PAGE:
If you ever end up in Kandy, these are a few things that you should add to your itinerary, to help you get a good sense of this busy and vibrant city.
As we drove through the hill country of Matale (which translates to ‘my earth’) we stopped for lunch at a spice garden to see plants such as curry leaves, cinnamon bark, vanilla pods, nutmeg shells, cardamom, turmeric bulbs and cocoa trees, and learn about how important all these spices and herbs are for health and wellbeing as well as being integral ingredients in Sri Lankan cuisine.
When we arrived in Kandy there was no time to unpack or rest! We didn’t have a long stay in this city so we had to crack on and see the sights. We took a fragrant walk through the bustling Central Market, past bags of brightly coloured spices of chilli, turmeric and cinnamon, hanging in long plastic tubes. There were jam-packed stalls of fresh fruit and vegetables, packets of sweet-smelling incense and stallholders with overflowing white buckets full of rice, grains and beans.
We went to the home of a local rice farming family for dinner, not far out of the city, and our friendly hosts showed us how to make a few local dishes.
One of the fun snacks we all had a turn at making were crispy papadum-like snacks. A metal shape at the end of a handle and stick was used to dip into hot oil. We had seen these – with lots of different shapes – at a local market and wondered what they were! The metal is dipped into the wet batter and then gently lowered into the hot oil and fried for up to a minute. Chilli or cinnamon is added to the mixture, depending on whether you’re after a sweet or savoury snack. Our hosts also made string hoppers and a light and fluffy steamed cake called pitthu.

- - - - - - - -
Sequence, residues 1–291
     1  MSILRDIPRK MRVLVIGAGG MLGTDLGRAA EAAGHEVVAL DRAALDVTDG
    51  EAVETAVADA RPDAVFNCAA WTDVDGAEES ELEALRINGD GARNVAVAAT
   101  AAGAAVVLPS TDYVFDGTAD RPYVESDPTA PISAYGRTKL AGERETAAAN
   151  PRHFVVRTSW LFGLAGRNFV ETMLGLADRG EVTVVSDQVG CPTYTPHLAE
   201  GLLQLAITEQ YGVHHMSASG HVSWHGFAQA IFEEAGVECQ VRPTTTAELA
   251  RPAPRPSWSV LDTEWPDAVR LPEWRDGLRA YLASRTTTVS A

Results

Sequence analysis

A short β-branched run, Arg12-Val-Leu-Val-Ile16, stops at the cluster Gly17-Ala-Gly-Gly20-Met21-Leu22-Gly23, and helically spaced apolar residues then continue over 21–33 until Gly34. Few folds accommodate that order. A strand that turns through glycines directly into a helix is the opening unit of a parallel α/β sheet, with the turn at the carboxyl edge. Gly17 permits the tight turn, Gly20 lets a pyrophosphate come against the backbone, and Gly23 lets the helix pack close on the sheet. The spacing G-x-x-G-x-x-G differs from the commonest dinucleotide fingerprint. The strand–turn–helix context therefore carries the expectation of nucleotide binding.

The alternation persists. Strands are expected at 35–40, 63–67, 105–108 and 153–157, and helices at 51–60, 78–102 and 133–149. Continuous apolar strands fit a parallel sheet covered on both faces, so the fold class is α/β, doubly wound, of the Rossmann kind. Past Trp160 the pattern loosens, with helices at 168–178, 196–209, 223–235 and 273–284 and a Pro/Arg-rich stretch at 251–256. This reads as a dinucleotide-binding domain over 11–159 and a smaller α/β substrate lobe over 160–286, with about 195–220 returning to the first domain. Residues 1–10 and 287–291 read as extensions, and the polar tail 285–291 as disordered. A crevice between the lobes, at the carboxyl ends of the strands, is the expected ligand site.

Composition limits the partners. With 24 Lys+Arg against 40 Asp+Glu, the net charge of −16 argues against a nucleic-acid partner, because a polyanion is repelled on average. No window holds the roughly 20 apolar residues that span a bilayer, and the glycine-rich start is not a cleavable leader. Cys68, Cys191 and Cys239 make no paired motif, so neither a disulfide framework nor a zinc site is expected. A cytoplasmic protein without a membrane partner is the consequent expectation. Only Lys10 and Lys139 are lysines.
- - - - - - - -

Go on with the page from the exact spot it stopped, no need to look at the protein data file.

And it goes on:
Early the following day we visited the Temple of the Tooth Relic for the morning viewing. The Buddhist temple, another one of Sri Lanka’s UNESCO World Heritage Sites, houses the important relic of the one of Buddha’s canine teeth. As music played and bells clanged, the small viewing window opened and crowds of pushy worshippers shuffled upstairs to get a glimpse of the golden stupa-shaped casket. Like a babushka doll, the casket has six smaller caskets inside with the smallest one holding the tooth relic.
To honour the relic, once a year the casket is removed from the shrine for the Esala Perahera festival – a parade through the city featuring elephants, drummers and Kandyan dancers. This is a special Buddhist event that has been celebrated for hundreds of years, to pay tribute to the relic.
To see more of this visit, click on the photo below to view the Flickr album.
Want a dose of vegeTARAian in your inbox?
Click here to subscribe to the weekly newsletter